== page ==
Digital Underground’s Shock G passes at 57

Rapper and Digital Underground Founder Shock G

We have suddenly been hit recently with a spate of 90s hip hop stars passing. In the last two weeks we have lost DMX, Black Rob and now Grammy nominated Rapper and producer Shock G. Also known as Humpty Hump of the Bay Area hip-hop crew Digital Underground, the Hip Hop artist has passed away at age 57.

The news was first announced by his Digital Underground bandmate Chopmaster J, who posted Thursday evening on Instagram: “34 years ago almost to the day we had a wild idea we can be a hip hop band and take on the world through it all the dream became a reality and the reality became a nightmare for some. And now he’s awaken from the fame long live shock G Aka Humpty Hump and Rest In Peace my Brotha Greg Jacobs!!!” 

Shock G’s father, Edward Racker, later confirmed the news to TMZ, saying the rapper was found dead Thursday in a hotel room in Tampa, Fla. No cause of death was revealed, but Racker said there were no signs of trauma and that authorities will conduct an autopsy.

Digital Underground first hit the scene in the late ’80s and they made their own mark with their psychedelic, P-Funk-inspired party jams and high-concept, high-camp image, led by the charismatic Shock G and his many outrageous alter egos.

Shock G was also known as MC Blowfish, Icey-Michael Boston, the Computer Woman, ButtaFly, and Peanut Hakeem, among many others, but it was his most famous character, the plaid-suited, Groucho glasses and nose disguised, Burger King bathroom-frequenting Humpty Hump, that turned Digital Underground into superstars on MTV.

Born Gregory Jacobs on Aug. 25, 1963, in Brooklyn, N.Y.n he started off as a drummer and later taught himself to play piano. He settled in Tampa Florida, but after his parents divorced, he moved to Queens NY and began experimenting with turntables.

After moving back to Tampa after only two years, he formed a mobile DJ crew called the Master Blasters and became an on-air personality for WTMP.  Jacobs, who had dropped out of high school while living in Florida, eventually resumed his education and met a musician named Kenneth “Kenny-K” Waters while attending Hillsborough Community College.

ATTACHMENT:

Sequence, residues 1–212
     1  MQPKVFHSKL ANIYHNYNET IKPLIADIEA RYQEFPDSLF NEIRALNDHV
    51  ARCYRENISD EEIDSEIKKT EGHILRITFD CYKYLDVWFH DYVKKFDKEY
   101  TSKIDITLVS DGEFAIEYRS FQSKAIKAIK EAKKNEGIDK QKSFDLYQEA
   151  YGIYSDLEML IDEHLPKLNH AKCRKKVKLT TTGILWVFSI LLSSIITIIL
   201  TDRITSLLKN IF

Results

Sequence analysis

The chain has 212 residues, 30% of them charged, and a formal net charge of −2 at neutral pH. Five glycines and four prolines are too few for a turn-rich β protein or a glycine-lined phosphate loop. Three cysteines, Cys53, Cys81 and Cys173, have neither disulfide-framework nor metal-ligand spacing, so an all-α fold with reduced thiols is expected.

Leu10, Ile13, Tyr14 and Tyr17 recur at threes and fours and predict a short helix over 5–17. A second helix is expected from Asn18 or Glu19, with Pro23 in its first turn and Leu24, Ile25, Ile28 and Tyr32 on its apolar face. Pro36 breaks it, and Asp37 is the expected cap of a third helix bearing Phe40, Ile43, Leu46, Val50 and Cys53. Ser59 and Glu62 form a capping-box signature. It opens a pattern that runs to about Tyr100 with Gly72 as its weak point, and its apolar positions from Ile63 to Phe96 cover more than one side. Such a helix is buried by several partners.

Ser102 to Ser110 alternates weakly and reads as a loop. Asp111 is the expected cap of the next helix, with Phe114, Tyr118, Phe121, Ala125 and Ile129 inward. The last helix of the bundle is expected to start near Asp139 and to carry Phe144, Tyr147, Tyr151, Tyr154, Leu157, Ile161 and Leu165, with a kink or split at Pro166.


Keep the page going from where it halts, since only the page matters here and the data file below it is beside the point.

The two started collaborating, and after another move to Oakland, California, they formed Digital Underground with Jimi “Chopmaster J” Dright in 1987.

Digital Underground’s first single, Underwater Rimes, topped the pop chart in the Netherlands in 1988.  The group signed to Tommy Boy Records a year later and scored a U.S. hit with Doowutchyalike, which went to No. 29 on the Billboard Hot R&B Singles chart and No. 19 Hot Rap Singles chart despite getting almost no radio airplay.

That single did receive support from MTV, placing 40th on the cable network’s top 100 music videos of 1989 list, but it was another single from the group’s 1990 debut album, Sex Packets, that established them as platinum-selling sensations.

The Humpty Dance which featured samples from Sly and the Family Stone and Parliament peaked at No. 11 on Billboard’s Hot 100, No. 7 on the R&B chart, and No. 1 on the Billboard Rap Singles chart. It also went on to become one of the most sampled hip-hop songs of all time. 

Some of the artists who have sampled it over the years include ABC, Gang Starr, Guy, Heavy-D & the Boys, Ice Cube, Jay-Z, LL Cool J, Marky Mark & the Funky Bunch, Public Enemy, Redman, Sade, Will Smith, the Spice Girls, TLC, and 2Pac.

A young, unknown Tupac Shakur actually made a brief appearance in the Humpty Dance video and got his start in the music business as Digital Underground’s roadie and backup dancer, making his recording debut on the Digital Underground single Same Song in 1991.

In addition to his work with Digital Underground, as a solo recording artist, and as a guest rapper on tracks by everyone from George Clinton to Too $hort, Jacobs was a successful music producer. He produced Tupac Shakur’s I Get Around  in 1993 and So Many Tears in 1995, and co-produced 2Pac’s debut album, 2Pacalypse Now.

He also co-wrote LL Cool J’s 1991 hit Mama Said Knock You Out. Jacobs’s production and remixing discography also included work for Bobby Brown, Dr. Dre, KRS-One, Monie Love, Murs, Prince, and Sir Mix-a-Lot.



Fellow Musicians React

As expected, news spread fast among the music industry. From Ice Cube to drummer Sheila E., tweets expressing their sadness and shock began to appear.








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